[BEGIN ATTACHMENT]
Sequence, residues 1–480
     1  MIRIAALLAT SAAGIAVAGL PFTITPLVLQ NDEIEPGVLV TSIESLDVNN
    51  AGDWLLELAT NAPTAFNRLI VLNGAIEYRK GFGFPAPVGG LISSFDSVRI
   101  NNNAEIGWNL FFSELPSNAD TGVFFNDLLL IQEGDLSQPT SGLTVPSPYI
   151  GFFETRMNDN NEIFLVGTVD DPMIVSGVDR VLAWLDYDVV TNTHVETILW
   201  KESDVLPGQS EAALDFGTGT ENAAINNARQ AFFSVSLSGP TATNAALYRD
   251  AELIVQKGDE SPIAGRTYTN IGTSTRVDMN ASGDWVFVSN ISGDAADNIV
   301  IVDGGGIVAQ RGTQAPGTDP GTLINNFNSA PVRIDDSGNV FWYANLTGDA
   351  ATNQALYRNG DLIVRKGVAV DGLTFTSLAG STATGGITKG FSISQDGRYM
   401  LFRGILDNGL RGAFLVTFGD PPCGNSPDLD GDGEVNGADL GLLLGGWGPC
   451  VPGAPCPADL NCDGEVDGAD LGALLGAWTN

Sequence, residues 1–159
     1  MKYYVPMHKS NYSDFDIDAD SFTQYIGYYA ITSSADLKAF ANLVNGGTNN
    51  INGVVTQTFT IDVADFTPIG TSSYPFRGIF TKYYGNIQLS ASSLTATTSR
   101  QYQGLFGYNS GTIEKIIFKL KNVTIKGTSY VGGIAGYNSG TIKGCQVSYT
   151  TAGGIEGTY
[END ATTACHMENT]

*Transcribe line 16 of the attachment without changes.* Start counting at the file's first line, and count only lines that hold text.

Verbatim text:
   151  TAGGIEGTY